Govt unlikely to oppose gay order
The government seems highly inclined to back the Delhi High Court order legalising homosexuality among consenting adults. The government has to inform Supreme Court about its stand before September 14, reports Nagendar Sharma.india Updated: Jul 29, 2009 01:00 IST
The government seems highly inclined to back the Delhi High Court order legalising homosexuality among consenting adults.
The group of three ministers — P. Chidambaram (home), M. Veerappa Moily (law) and Ghulam Nabi Azad (health) — set up by Prime Minister Manmohan Singh to analyse the historic verdict of July 2 met on Tuesday evening and decided to convey their view to the Union Cabinet, which will take the final call.
“We have critically analysed the court judgment and decided to place our view before the Cabinet soon,” Moily said.
HT has learnt that the Law Ministry note that was discussed at the meeting and agreed upon states that the judgment is based on sound logic and appears “infallible”.
Chidambaram said there was a lot of misinformation about what the court order had held on Section 377 of the Indian Penal Code, under which homosexuality in India has been a crime for 150 years. "One example is that the judgment has struck down Section 377; that is not correct," he said.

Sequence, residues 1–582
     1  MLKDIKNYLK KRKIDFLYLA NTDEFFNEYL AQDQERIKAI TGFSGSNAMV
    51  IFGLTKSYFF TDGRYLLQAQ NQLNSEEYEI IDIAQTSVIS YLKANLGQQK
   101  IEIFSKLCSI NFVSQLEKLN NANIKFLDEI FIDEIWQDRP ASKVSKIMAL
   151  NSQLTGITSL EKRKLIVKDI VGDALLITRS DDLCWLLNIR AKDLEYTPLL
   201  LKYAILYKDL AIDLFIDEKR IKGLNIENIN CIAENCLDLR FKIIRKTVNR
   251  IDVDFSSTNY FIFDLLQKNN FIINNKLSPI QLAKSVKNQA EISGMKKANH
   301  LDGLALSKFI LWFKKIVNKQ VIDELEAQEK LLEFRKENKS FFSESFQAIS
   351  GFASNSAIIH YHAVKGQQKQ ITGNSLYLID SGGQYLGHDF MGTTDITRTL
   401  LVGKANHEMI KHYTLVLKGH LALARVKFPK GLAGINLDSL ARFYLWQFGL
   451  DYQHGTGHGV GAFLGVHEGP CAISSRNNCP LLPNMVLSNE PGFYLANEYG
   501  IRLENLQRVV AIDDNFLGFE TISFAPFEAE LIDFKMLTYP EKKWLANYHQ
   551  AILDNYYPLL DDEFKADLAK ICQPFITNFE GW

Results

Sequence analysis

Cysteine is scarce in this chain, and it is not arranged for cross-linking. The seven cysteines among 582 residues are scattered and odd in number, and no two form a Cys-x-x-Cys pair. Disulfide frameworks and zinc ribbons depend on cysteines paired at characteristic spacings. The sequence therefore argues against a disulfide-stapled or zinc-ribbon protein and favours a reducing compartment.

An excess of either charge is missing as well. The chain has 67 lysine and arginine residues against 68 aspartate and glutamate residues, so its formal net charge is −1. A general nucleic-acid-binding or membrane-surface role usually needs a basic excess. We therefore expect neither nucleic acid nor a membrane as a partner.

Moily said the three ministers analysed what the court had said and what it had not. "The only question is decriminalization of private consensual sex between two adults. Section 377 was not abrogated by the court, it remains," he said
He rejected the suggestion that the government was contemplating a move to completely repeal Section 377 from the statute books and make rape a "gender-neutral" offence. "No such move is under consideration. We are not sitting in judgement," he said.
The government has been treading with extreme caution on the issue, given the resistance to the court ruling from religious leaders of all faiths.
The government has to inform Supreme Court about its stand before September 14, the next date of hearing on appeals filed against the high court judgment.